Meanwhile, for global bondholders, an Evergrande default is likely to start a prolonged battle for repayment. Chinese authorities have made it clear the company should put homebuyers, suppliers, and retail investors — who bought the firm’s wealth management products — ahead of debtholders. Some 1.6 million homebuyers have put down deposits with Evergrande for properties that have yet to be completed.
“No matter what the outcome, offshore bondholders are last in line for payment and are certainly going to have to accept haircuts, possibly significant ones,” said Andrew Collier, managing director of Orient Capital Research Inc. in Hong Kong.
With Evergrande’s dollar notes trading at about 20 cents on the dollar, the market is already pricing in a haircut of around 80%. The key for bondholders is whether the company can speed up home sales and unload assets to raise cash so it can start settling its liabilities, said Gary Ng, a senior economist at Natixis SA.
As Bloomberg reported recently, Evergrande’s offshore noteholders included Ashmore Group Plc and UBS AG, according to data compiled by Bloomberg. Even as Evergrande’s stock and bond prices have plunged, Ashmore bought another $100 million of bonds issued by the developer or its subsidiaries in the third quarter. The trades brought its holdings to more than $500 million at the end of September, the data show.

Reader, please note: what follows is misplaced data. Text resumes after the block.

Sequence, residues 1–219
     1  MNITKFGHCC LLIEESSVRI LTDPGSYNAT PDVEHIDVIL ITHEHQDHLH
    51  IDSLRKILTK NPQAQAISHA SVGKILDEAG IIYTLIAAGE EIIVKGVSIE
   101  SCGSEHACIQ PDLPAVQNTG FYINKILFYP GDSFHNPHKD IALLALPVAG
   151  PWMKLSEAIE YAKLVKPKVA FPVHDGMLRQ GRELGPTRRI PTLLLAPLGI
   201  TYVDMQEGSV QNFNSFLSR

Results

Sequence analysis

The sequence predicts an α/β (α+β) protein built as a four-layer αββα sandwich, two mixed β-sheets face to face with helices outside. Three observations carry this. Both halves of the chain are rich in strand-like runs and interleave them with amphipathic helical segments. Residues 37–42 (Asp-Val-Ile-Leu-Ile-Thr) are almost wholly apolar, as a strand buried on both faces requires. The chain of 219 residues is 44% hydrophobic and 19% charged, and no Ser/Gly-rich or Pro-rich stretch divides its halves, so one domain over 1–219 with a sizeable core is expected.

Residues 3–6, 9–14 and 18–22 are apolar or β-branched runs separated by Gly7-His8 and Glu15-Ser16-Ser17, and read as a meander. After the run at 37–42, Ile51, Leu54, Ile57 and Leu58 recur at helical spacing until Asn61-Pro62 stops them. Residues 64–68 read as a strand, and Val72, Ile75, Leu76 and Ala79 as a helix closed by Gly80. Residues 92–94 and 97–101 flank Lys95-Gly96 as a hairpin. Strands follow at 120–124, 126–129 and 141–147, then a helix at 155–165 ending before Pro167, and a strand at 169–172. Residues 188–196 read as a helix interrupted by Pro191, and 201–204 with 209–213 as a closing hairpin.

Further market reaction to Evergrande’s missed payments may be driven by how the restructuring process plays out, said Jim Veneau, head of Asian fixed income at AXA SA.
“An orderly restructuring, where the company can run its operations as normally as possible and refrain from distressed asset sales will substantially help contain further damage across the sector,” Veneau said.
The single biggest loser in dollar terms may be Evergrande founder Hui, who once owned more than 70% of the company before recent stock sales. The plunge in Evergrande’s share price this year has cut the chairman’s wealth by 73%, or about $17 billion, according to the Bloomberg Billionaires Index. Once the second-richest man in China, Hui now ranks 75th.
For years, the son of an impoverished wood cutter who built one of China’s biggest real estate firms and later branched out into electric vehicles, tourism and soccer clubs, has been able to count on the support of Beijing, or other tycoons to bail him out. This time, he appears on his own.
The bottom line, however, was summarized best by China Beige Book: “while direct fallout from the Evergrande bankruptcy – which has been telegraphed for months – won’t be the problem, the problem is having a billion Chinese watch this play out, then expecting them to spend afterward.”